The metaphor of building bridges is often used to note a rite of passage or a step toward the future. But while many schools at this time of year are focused on building metaphorical bridges for their students, like helping them transition to high school, students at City Polytechnic High School of Engineering, Architecture, and Technology in Brooklyn were doing the opposite this week.
They were breaking bridges.
For three days each summer, City Polytech conducts an orientation program for incoming ninth graders. Besides learning school routines and rules, the students are asked to design bridges — and then weigh them down, in a test of the bridges’ strength.
With minimal materials (Popsicle sticks and Elmer’s glue), the students build the strongest bridges they can. On the second day of orientation, they bring the bridges down, by stacking geometry textbooks on them until they collapse.
On Tuesday morning the school’s new class of 116 ninth graders, mostly boys, gathered in an upstairs classroom, along with teachers and older students, for the competition to see which bridge withstood the most weight. The schools chancellor, Dennis Walcott, was there to observe and to announce the winners.
“It’s the idea of actually applying what you’re going to learn,” said Chris Aguirre, 45, the principal, who is also a founder of City Polytech, a small school in the MetroTech Center in Downtown Brooklyn that opened in 2009. “One of the first things we want to introduce to students is the idea of technology, and that doesn’t have to mean applied technology or computers. It can be as simple as a lever.”
Or a few Popsicle sticks.
At one end of the room was a projector displaying a spreadsheet with the names of each team, the small groups in which the students had built their bridges over two days. At the other end was a whiteboard listing numbers of textbooks and the corresponding weights.
And at the center of the room, a bridge sat across two desks, its builders ready to burden it down at the direction of Anthony Cioffi, 54, a professor at the nearby New York City College of Technology, which has a partnership with City Polytech to offer advanced courses.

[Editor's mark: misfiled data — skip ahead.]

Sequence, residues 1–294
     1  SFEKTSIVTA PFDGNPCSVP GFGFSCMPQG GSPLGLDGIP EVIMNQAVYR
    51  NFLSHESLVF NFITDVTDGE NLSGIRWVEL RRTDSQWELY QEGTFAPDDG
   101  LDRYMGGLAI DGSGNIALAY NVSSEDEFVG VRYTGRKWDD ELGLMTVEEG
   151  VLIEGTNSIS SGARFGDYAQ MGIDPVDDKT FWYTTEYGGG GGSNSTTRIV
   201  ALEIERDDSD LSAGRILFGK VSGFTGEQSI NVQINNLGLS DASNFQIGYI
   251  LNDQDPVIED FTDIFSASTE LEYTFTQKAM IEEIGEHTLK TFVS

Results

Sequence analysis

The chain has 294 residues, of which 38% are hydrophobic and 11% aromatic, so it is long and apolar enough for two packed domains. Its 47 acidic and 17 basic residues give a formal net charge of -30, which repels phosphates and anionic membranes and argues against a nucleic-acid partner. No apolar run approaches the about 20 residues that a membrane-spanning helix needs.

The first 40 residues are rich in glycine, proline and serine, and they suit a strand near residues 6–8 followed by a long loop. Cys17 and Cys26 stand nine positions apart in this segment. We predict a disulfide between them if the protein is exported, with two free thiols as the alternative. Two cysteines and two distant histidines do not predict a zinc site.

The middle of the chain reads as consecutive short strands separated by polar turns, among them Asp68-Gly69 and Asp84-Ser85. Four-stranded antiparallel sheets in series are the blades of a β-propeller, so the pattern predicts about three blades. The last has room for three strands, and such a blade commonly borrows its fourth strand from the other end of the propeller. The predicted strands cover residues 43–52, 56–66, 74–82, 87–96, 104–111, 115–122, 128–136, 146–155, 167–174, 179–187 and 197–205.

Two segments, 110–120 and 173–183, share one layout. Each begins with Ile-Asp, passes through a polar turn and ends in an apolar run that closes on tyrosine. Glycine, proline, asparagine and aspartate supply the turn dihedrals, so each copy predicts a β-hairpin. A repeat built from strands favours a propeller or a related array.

“One, two, three …” Professor Cioffi counted slowly as a pile of textbooks formed on the bridge. “Four, five, six …,” he went on, and then continued as the tower grew.
“Twelve!” he shouted, raising his arms like a referee as the first bridge crumbled. The crowd gathered around the desks jumped back and the broken Popsicle sticks scattered on the floor.
The winning bridge, built by the team Building Fanatics, held 26 books, or roughly 114 pounds.
But even students whose bridges crumbled under far less weight seemed to enjoy the contest and the opportunity to get to know their new classmates.
“We didn’t use enough glue on the right side,” said Donnell Stewart, 13. His team’s bridge held 14 books. “It was a lot of fun, though, working with my teammates. We helped each other, and it made our ideas better.”
The teachers, too, were able to meet their new students and get a sense of how the year ahead might play out.
“It’s a snapshot or taste of high school here,” said Nancy Lev, 50, an English teacher who has taught for 18 years in New York City schools and started at City Polytech last year. “It’s what you can look forward to. Here are your classmates.”
The orientation is not all fun and bridge breaking, though. On Wednesday, students returned for math and writing assessment exams and to hear their principal explain his expectations.
Mr. Aguirre said that bringing students in over the summer made the return to school easier for everyone, including him. More high schools could benefit from connecting with their freshmen before school starts, he said.
“It makes all the difference in the world,” he said. “Kids are on time, they’ve already met people and made friends, and they know the expectations.”